Another area of research within artificial photosynthesis is the selection and manipulation of photosynthetic microorganisms, namely green microalgae and cyanobacteria, for the production of solar fuels. Many strains are able to produce hydrogen naturally, and scientists are working to improve them. Algae biofuels such as butanol and methanolare produced both at laboratory and commercial scales. This approach has benefited with the development of synthetic biology, which is also being explored by the J. Craig Venter Institute to produce a synthetic organism capable of biofuel production.
In the late 60s, Akira Fujishima discovered the photocatalytic properties of titanium dioxide, the so-called Honda-Fujishima effect, which could be used for hydrolysis.
The Swedish Consortium for Artificial Photosynthesis, the first of its kind, was established in 1994 as a collaboration between groups of three different universities, Lund,Uppsala and Stockholm, being presently active around Lund and the Ångström Laboratories in Uppsala.
The consortium was built with a multidisciplinary approach to focus on learning from natural photosynthesis and applying this knowledge in biomimetic systems. Research in artificial photosynthesis is undergoing a boom at the beginning of the 21st century. In 2000, Commonwealth Scientific and Industrial Research Organisation (CSIRO) researchers publicize their intent to focus on carbon dioxide capture and conversion to hydrocarbons. In 2003, the Brookhaven National Laboratory announced the discovery of an important intermediate step in the reduction of CO2 to CO , which could lead to better catalyst designing.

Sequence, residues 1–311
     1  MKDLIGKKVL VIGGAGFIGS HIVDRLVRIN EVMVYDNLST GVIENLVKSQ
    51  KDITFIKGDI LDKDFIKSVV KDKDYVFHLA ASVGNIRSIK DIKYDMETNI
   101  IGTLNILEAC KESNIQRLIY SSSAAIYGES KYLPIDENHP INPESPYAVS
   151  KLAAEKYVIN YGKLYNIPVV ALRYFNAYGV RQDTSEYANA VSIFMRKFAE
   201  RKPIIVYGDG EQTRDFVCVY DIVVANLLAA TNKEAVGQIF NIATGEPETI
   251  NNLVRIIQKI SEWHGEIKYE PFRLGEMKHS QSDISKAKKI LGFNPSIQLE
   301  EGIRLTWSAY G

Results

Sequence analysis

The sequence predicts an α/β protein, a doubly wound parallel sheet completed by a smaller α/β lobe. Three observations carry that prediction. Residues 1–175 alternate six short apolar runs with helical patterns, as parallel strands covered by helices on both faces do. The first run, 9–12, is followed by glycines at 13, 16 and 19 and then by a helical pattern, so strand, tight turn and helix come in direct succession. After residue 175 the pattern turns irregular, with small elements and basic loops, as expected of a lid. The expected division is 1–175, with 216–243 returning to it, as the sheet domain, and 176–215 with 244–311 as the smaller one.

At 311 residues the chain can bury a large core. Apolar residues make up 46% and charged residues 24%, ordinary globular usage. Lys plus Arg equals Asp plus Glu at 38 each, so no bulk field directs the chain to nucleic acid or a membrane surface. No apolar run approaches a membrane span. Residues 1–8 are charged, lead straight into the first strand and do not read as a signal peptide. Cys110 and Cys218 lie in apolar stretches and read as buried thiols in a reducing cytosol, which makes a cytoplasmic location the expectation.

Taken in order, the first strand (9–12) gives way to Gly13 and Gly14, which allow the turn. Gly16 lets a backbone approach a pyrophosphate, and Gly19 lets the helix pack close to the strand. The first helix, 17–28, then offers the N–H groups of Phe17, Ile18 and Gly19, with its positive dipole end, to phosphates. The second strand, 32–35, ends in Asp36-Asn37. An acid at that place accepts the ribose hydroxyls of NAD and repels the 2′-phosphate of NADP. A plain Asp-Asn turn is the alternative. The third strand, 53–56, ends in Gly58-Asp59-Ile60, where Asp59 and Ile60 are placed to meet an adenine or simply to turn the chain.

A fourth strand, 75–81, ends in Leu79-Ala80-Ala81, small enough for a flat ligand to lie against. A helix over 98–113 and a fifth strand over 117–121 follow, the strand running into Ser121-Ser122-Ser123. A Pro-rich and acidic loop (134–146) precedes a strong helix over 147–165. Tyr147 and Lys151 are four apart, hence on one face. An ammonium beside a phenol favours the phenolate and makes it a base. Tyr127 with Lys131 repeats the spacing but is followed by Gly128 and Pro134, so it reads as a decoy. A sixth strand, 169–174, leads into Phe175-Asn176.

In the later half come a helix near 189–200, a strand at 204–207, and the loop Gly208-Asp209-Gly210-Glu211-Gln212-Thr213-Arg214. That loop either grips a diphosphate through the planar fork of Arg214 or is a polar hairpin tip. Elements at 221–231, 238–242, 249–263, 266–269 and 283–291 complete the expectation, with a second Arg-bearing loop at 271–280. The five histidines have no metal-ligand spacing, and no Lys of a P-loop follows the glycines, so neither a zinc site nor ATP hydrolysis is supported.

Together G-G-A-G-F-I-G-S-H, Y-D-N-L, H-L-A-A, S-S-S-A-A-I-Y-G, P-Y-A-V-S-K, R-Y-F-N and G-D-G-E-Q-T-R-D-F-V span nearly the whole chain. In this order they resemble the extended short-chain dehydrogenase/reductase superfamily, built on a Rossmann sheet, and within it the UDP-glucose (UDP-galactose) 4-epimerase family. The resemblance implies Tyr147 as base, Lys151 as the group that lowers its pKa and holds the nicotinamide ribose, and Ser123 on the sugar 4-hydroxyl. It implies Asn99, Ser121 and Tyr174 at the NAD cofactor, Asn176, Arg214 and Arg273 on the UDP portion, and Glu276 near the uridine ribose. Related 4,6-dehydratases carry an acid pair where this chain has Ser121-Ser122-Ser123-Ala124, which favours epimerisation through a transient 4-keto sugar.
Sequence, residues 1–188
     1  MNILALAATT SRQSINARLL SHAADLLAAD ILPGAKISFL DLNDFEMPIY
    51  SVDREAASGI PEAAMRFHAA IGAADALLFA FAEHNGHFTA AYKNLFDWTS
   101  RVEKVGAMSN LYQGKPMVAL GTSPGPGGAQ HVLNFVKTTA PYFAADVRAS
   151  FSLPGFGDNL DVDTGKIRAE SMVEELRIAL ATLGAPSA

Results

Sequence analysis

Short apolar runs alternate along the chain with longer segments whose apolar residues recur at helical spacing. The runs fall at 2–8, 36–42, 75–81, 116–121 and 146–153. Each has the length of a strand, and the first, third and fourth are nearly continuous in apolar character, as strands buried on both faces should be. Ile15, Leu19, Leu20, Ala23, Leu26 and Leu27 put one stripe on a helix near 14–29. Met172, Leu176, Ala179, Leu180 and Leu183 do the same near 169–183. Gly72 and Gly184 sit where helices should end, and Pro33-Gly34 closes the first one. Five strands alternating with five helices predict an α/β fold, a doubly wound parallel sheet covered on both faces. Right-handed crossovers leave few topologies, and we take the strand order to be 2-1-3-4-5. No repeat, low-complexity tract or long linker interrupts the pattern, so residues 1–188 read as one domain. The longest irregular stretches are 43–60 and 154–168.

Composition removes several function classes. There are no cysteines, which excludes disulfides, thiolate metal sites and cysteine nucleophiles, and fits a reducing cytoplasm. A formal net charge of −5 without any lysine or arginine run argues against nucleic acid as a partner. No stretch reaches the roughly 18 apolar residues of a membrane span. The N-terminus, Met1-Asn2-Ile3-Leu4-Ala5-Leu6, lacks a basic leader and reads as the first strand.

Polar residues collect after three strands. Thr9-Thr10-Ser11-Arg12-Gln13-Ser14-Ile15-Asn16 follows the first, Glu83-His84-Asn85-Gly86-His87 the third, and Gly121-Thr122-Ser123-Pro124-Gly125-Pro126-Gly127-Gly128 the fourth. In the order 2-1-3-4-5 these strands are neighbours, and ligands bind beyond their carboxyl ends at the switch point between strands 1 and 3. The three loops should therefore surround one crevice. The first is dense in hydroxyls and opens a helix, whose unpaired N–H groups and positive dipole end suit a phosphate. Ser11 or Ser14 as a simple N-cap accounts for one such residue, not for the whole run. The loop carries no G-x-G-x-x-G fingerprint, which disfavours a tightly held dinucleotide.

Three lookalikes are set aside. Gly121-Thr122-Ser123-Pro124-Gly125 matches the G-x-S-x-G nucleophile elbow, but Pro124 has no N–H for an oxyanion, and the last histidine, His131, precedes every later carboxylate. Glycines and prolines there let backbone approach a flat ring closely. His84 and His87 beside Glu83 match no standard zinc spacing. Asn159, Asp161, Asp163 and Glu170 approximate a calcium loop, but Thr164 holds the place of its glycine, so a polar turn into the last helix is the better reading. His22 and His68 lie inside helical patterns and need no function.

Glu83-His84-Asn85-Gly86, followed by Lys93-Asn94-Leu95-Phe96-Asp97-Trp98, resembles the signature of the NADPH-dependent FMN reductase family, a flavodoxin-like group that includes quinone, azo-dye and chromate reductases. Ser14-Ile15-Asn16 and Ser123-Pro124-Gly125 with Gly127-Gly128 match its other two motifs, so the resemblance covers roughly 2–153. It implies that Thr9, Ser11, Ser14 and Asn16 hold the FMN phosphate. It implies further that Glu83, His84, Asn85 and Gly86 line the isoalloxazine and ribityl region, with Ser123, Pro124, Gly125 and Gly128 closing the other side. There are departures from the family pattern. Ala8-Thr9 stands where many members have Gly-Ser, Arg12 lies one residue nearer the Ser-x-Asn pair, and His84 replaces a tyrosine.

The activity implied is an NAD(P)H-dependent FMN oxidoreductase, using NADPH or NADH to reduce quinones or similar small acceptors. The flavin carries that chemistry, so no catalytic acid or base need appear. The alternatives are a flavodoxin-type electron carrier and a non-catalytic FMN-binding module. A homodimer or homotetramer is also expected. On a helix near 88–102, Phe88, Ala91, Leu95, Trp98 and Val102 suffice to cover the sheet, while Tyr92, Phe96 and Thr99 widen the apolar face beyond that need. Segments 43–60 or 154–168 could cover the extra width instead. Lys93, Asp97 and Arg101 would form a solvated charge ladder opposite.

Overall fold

One of the drawbacks of artificial systems for water-splitting catalysts is their general reliance on scarce, expensive elements, such as ruthenium or rhenium. With the funding of the United States Air Force Office of Scientific Research, in 2008, MIT chemist and head of the Solar Revolution Project Daniel G. Nocera and postdoctoral fellow Matthew Kanan attempted to circumvent this issue by using a catalyst containing the cheaper and more abundant elements cobalt and phosphate. The catalyst was able to split water into oxygen and protons using sunlight, and could potentially be coupled to a hydrogen-producing catalyst such as platinum. Furthermore, while the catalyst broke down during catalysis, it could self-repair. This experimental catalyst design was considered a major breakthrough in the field by many researchers.
Whereas CO is the prime reduction product of CO2, more complex carbon compounds are usually desired. In 2008, Princeton chemistry professor Andrew B. Bocarsly reported the direct conversion of carbon dioxide and water to methanol using solar energy in a highly efficient photochemical cell.